CSCI 8820 - Computer Vision and Pattern Recognition
Instructor: Dr. Suchi Bhandarkar
Text: Machine Vision, by R. Jain, R. Kasturi and B.G. Schunck, McGraw-Hill Inc., 1995.
Course Description: The course will cover fundamental issues and paradigms dealing with computer vision and pattern recognition. The material covered in the course will be divided into three phases: low-level vision, intermediate-level vision and high-level or cognitive vision. The material on low-level and intermediate-level vision will constitute roughly Chapters 1--6 of the textbook. The material on high-level vision will be based on selected sections from Chapters 7, 9, 10, 11, 14 and 15. In addition, if time permits and depending on the interest of the class, specialized topics in computer vision and pattern recognition would be considered. These include: parallel algorithms and parallel computer architectures for computer vision and pattern recognition, expert systems for image interpretation, visual information systems and neural computing for computer vision and pattern recognition. A topical list is as follows:
This course is going to be more along the lines of a graduate research seminar than a regular classroom instruction-based course. Being a special topics course, it will be primarily targeted towards an audience that is either already doing research in computer vision, image processing or some related area or seriously considering doing research in such an area. In addition to these topics covered from the textbook, there will be papers assigned from the research literature. Students will be expected to read these papers and the material therein will be discussed in class and may also appear in the examinations and homework assignments. The students are expected to do a fair amount of independent study and show initiative and serious commitment towards learning about various concepts and research problems in computer vision and pattern recognition.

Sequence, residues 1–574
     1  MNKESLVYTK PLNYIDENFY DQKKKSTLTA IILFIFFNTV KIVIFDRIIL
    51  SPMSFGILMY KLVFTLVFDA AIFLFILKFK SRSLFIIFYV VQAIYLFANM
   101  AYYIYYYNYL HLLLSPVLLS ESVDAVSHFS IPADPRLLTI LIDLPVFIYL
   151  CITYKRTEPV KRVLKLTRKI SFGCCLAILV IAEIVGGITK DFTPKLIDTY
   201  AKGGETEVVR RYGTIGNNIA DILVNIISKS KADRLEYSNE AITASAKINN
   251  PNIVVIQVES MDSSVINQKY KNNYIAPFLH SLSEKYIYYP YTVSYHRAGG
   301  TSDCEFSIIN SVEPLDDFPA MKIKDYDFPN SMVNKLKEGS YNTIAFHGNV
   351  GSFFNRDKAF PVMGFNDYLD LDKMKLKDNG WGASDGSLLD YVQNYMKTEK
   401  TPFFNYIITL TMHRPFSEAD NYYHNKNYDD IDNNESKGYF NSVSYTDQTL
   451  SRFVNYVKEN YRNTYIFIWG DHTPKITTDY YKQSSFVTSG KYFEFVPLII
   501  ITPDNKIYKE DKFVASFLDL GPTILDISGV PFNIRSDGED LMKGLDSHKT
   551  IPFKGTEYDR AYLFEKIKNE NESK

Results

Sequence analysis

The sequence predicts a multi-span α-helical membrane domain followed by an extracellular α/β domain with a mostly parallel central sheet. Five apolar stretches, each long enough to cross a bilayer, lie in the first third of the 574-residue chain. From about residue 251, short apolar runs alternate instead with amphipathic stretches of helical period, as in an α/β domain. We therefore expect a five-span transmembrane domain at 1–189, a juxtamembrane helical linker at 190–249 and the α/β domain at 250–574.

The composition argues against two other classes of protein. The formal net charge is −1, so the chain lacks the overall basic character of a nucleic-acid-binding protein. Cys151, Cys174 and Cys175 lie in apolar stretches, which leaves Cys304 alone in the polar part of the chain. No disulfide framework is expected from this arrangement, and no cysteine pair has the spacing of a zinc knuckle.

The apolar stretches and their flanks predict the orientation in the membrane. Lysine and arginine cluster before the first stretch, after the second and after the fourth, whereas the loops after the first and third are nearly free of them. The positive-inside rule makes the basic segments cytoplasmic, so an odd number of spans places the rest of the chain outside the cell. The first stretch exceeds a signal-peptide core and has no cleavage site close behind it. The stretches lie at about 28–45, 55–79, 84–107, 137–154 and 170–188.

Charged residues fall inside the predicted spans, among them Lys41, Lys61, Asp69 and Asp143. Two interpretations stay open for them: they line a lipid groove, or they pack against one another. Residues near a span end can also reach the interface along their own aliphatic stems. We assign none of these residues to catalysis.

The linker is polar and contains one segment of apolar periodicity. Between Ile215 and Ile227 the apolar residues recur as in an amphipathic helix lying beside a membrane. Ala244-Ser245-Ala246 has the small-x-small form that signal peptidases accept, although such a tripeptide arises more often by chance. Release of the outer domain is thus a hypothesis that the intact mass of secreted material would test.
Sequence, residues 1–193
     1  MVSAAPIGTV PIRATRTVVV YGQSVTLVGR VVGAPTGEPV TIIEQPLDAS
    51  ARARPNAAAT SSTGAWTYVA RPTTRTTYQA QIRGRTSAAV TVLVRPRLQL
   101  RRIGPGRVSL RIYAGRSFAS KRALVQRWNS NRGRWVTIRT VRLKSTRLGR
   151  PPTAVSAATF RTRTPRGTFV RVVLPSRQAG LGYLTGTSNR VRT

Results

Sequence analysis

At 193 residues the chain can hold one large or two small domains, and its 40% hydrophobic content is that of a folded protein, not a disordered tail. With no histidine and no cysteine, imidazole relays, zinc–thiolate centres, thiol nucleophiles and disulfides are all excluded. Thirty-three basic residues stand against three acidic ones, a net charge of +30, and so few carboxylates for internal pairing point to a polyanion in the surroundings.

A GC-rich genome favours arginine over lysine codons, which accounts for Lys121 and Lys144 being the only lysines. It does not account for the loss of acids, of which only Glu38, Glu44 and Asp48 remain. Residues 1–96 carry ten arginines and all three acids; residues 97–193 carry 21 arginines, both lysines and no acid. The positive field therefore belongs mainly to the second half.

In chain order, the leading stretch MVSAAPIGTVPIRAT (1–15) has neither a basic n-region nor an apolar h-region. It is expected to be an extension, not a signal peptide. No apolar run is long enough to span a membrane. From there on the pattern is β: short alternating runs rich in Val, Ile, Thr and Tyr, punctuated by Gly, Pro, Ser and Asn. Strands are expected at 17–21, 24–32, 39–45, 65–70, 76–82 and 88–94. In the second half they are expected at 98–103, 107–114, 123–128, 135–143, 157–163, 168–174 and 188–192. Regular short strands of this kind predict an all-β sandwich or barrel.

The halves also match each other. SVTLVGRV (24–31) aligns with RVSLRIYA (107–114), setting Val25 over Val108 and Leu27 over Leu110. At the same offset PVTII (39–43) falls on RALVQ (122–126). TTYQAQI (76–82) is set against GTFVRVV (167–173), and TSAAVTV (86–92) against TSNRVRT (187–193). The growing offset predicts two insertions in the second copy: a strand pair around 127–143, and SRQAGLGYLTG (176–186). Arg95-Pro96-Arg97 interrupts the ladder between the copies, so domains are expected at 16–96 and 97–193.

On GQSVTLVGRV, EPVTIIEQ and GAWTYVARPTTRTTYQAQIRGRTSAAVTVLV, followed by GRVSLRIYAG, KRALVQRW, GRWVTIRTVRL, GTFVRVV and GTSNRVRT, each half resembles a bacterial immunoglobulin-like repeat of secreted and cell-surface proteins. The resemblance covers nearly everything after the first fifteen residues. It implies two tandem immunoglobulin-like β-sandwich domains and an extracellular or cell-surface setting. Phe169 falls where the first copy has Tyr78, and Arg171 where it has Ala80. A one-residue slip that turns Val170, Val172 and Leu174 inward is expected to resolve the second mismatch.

Class Meeting Times: This course will be organized as a combination of formal classroom instruction and a student seminar. The class will meet on Tuesdays and Thursdays during the class period. Since this is a 4 credit hour course, the students are expected to devote the remaining class period and an additional 6--8 hours every week towards a self-study project of their choice. On October 17, Thursday each student or team is expected to submit a formal project proposal. The students will be expected to present their work towards the end of the semester and also submit a technical report/term paper, which will be due on December 12, Thursday, 2002 by 12 noon.
Prerequisites: The primary prerequisite is a strong commitment to learning and hard work. Competence in programming in some high-level language (C, C++, Java etc.) will be assumed. Prior exposure to programming in computer graphics or image processing is a strong plus. The course will be mathematically involved in certain parts. Strong mathematical and analytical skills are a definite advantage.
Test 1: 20%
Test 2: 20%
Homework assignments: 20%
Project Report and Presentation: 40%
The tests will be held during the class period and the test dates will be announced at least a week in advance. Homework assignments will be due at the end of the class period on the specified day.
Students are expected to familiarize themselves and comply with the Computer Science Departmental Policy Statement on Academic Honesty (attached).